The sex and age differences in the relationship between vitamin D and lipid levels remain unclear. This retrospective study investigated the correlations between serum 25-hydroxyvitamin D levels and various biomarkers, along with the sex and age differences in these associations, among 573 men and 436 women during physical check-ups. The mean age of the study population was 51.4 years, and 66% of people had serum 25(OH)D levels below 30 ng/mL. People aged over 65 years had higher 25(OH)D levels than those younger than 65 years, and women had lower 25(OH)D levels than men. Younger age (odds ratio (OR) per year = 1.044, 95% CI, 1.029–1.059, p < 0.0001), female sex (OR = 1.779, 95% CI, 1.149–2.755, p = 0.0097), and elevated serum triglyceride (TG) levels (OR per 1 mg/dL = 1.005, 95% CI, 1.002–1.007, p = 0.0002) were all independent risk factors for vitamin D deficiency. Serum 25(OH)D levels were inversely associated with TG levels. The positive association between vitamin D deficiency and hypertriglyceridemia was significant in men (not in women) and in those aged between 50 and 65 years. In conclusion, younger individuals, women, and middle-aged men with hypertriglyceridemia are at higher risk of vitamin D deficiency.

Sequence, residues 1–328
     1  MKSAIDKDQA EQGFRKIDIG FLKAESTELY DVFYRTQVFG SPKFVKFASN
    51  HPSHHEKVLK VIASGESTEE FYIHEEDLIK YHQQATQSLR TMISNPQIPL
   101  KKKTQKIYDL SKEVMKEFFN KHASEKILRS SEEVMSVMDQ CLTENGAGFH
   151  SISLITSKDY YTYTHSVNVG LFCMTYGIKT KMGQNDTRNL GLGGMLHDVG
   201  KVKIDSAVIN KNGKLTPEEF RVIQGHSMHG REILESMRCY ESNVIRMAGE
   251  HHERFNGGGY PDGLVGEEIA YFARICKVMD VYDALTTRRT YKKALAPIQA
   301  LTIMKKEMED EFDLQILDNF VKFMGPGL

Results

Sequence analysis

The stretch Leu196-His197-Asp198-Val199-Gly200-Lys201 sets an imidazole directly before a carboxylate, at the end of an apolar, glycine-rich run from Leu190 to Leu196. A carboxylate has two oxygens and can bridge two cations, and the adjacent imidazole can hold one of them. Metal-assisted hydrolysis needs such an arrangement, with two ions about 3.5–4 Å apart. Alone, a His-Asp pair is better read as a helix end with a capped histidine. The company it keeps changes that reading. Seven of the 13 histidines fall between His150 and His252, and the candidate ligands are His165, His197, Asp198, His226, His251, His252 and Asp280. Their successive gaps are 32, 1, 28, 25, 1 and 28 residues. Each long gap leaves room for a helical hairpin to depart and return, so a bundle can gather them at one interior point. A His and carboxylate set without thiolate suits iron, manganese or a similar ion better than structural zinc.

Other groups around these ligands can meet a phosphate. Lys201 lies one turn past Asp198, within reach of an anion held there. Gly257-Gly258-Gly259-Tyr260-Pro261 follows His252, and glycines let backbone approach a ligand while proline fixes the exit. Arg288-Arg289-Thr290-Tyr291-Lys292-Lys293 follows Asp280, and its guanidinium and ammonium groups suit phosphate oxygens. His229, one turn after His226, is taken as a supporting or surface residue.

Original languageEnglish
Article number440
JournalJournal of Personalized Medicine
Issue number3
Publication statusPublished - Mar 2022


  • Age
  • Lipid
  • Risk factors
  • Sex
  • Triglyceride
  • Vitamin D deficiency

ASJC Scopus subject areas

  • Medicine (miscellaneous)


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